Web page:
Wednesday, November 10, 2010

'Tis the Season to Pick Chestnuts in the Santa Cruz Mountains

On Halloween morning, our family drove down the Santa Cruz Mountains to Skyline Chestnuts, one of our favorite fall season farms. Late October and early November are supposedly the best time to pick chestnuts, a rare treat whose short season only lasts from mid-October through late November. If you don't squeeze in a visit by Thanksgiving weekend, that's it for the year - gotta be patient til next year.

As we showed up at 10am, several families were already hard at work gleaning and filling huge bags of chestnuts. No, not bags. More like bushels and barrels. Man were they chestnut-nutties! Not to worry though. The trees were loaded and clearly, the harvest was not peaking yet. As a matter of fact, here is what Hans Johsen the owner wrote on the website's forum on November 10, 2010: "We are now in full swing and the chestnuts are still falling like rain! Large size and high quantities prevail." There, you have it. Hurry before the season's over!

We went with my mom and I brought a folding chair so she could sit it out under the trees. This being Halloween, two little girls were rummaging through fallen leaves in princess dresses, their sparkly skirts flickering in the morning sun. Other kids were swatting branches to make chestnuts come down faster.

My own girls were trolling the grounds lousily looking for shiny brown nuts, outfitted with long pants and rain boots. In case you don't know, chestnut burs are prickly - very. Once I had to get the tweezers out to help the daughter of a friend who handled the burs without gloves. I prefer to manage without gloves by using my feet without crushing the fruit. While most people twist the burs between their gloved hands to pry them open, I simply twist them with a swish of the foot and tada!

It's the fourth year in a row that we go chestnut picking at this orchard and through the years, here are a few things I learned:
  • kids can easily find chestnuts on the ground under the trees - no need to be big chestnut wizards to spot them.
  • while one bucket per family is largely sufficient for the average chestnut lover, a bucket for two is easier if your party decides to split and some of you stay on lower grounds while others climb the hills.
  • kids like to take gloves at the entrance but they won't necessarily use them. They don't like to carry buckets either but they still want one. Kids. Truth be told, the buckets are rather bulky for small kids.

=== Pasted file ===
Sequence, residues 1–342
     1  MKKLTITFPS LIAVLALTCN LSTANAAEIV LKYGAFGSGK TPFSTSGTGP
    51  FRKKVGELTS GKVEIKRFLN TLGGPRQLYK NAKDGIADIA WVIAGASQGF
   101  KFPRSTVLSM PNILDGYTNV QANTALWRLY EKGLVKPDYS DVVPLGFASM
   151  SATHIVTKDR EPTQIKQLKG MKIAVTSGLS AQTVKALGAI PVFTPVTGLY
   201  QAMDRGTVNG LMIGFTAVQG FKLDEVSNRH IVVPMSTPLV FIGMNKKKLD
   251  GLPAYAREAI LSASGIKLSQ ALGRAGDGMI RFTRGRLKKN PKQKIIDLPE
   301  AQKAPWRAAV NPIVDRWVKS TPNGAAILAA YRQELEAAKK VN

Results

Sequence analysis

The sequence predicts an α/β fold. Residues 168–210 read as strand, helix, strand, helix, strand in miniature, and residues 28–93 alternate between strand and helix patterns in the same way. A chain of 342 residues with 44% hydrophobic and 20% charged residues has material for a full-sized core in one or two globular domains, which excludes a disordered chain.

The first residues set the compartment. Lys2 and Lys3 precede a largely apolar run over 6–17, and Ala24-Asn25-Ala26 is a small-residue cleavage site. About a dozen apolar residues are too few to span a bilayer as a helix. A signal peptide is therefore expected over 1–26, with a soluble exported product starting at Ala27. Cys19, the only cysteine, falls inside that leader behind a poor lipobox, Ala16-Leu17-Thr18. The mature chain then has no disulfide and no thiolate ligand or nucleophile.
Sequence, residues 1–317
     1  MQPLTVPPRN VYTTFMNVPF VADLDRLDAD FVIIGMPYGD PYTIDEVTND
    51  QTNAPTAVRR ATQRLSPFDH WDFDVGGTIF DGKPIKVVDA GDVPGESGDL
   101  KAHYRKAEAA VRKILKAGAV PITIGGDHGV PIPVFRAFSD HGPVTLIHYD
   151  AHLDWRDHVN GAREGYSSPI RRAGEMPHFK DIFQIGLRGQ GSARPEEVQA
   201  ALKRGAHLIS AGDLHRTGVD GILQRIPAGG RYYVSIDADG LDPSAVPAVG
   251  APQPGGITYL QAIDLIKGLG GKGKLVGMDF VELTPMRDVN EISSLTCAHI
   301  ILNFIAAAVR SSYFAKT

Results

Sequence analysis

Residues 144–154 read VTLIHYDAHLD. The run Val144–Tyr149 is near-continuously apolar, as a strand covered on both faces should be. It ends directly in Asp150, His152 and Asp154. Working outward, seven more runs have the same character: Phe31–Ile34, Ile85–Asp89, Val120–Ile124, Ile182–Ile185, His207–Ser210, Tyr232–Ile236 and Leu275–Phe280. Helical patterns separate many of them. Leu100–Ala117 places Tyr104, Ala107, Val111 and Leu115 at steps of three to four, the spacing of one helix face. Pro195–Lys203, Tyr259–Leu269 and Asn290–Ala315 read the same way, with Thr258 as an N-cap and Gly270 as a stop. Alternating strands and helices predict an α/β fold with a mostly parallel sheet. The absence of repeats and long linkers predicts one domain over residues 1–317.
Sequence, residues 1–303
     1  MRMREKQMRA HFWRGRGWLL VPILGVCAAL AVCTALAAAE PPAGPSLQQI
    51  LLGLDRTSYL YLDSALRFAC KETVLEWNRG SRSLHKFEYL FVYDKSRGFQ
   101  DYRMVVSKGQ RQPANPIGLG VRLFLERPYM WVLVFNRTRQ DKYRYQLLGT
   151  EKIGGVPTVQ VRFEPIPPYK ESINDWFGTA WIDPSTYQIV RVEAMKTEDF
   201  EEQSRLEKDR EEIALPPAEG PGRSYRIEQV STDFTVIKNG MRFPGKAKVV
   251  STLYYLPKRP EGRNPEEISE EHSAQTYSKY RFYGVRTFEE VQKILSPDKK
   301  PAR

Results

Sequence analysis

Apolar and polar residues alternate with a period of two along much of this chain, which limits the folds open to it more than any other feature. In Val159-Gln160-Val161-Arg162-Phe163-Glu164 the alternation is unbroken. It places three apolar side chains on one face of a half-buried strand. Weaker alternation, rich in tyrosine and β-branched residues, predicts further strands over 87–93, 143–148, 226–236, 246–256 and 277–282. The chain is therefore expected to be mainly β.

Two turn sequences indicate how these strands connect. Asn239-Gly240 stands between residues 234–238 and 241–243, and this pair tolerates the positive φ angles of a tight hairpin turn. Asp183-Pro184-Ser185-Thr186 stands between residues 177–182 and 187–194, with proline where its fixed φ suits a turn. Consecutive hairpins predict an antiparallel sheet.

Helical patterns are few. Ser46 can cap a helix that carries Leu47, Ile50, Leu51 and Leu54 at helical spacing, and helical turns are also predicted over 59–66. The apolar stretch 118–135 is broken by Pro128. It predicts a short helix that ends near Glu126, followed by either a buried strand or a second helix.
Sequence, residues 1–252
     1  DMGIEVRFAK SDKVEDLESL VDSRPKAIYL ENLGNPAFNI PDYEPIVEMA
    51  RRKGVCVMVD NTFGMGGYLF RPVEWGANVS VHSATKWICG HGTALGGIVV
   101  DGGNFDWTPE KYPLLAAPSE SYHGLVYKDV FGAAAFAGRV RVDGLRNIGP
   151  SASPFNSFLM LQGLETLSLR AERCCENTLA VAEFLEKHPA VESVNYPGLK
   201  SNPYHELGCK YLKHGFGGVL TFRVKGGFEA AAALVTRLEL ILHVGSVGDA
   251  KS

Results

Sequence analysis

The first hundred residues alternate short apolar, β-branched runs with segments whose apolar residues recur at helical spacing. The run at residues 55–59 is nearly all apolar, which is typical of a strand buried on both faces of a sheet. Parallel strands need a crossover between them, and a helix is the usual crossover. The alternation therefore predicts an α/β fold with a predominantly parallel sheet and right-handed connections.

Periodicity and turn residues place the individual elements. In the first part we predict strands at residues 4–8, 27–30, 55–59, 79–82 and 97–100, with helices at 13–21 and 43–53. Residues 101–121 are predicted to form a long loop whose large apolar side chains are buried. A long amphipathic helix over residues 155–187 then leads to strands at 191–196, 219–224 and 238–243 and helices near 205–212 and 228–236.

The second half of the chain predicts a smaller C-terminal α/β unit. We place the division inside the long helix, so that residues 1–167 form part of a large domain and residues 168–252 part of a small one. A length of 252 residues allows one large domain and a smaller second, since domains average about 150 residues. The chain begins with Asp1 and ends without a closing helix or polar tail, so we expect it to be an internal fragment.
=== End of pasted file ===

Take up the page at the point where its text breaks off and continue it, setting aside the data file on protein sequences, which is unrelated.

• bigger is not always better. Hans Johsen confirmed that the smaller chestnuts are sweeter than the bigger ones. Rather than focusing on size, try to get a nice selection and organize a tasting at home.
  • there are several species of chestnut trees on the property - some American, some Chinese, some European. Hence the difference in size and color of the nuts you'll find. Don't worry if some of the nuts are striped green. It doesn't mean they're unripe. If they fell off the tree, they're ripe.
It took us an hour to glean 16 pounds of chestnuts, my husband being the overachiever chestnut person and I being the easy-going chestnutter that day. Amazingly, each year we pick more than the previous year. Why is that? My theory is that we're slowly being domesticated by the chestnuts and as we progress (read, improve), we want more. We used to be newbies and thought chestnuts could only be roasted on an open fire. What a joke!

After I bought Annie Bhagwandin's The Chestnut Cookbook, I started reading it and discovered a cornucopia of recipes, cooking methods and other essential chestnut stuff. Two days ago I roasted a pound of chestnuts in a dry pan (not even a chestnut pan, just a regular one) and it worked wonders. My fingertips are still sore from the peeling part but the roasted chestnuts made a great school snack for my girls. According to the book, there's an easy way to slice them in two, pop them in boiling water and squeeze them out of the husks once cooked through. Can't wait to try that for the Thanksgiving stuffing.

The only disappointment of the day was finding out that Mr. Johsen was already out of his chestnut honey. He's set up beehives in the hills and chestnut honey is my all-star favorite honey for its strong and wonderful flavor. I thought for sure in October I was early and would score a jar this year. Not so. People start calling him in August to secure a jar of the chestnut honey. Sigh. I walked away with a jar of the eucalyptus honey, making a mental note to call in July next year!

Practical details: they're all on the website but I'm copying them below for easy reference.

Driving directions

  • From the north: Take Woodside Road (Hwy 84) west, Turn left (south) on Skyline Blvd (Hwy 35), pass Page Mill and continue for 3 miles; the farm is on the right side of the road.
  • From the south: Take Hwy 9 west, turn right on Skyline Blvd (Hwy 35), and continue north about 5 miles; the farm is on the left side of the road.
Address: 22322 Skyline Blvd, La Honda, CA 94020

Phone number: (408) 395 0337


Heather Knape said...

How fun, I'm so sorry we missed it this year!

How is the eucalyptus honey?

RKB said...

That's a very cool excursion! I didn't even know chestnuts grew in the Bay Area.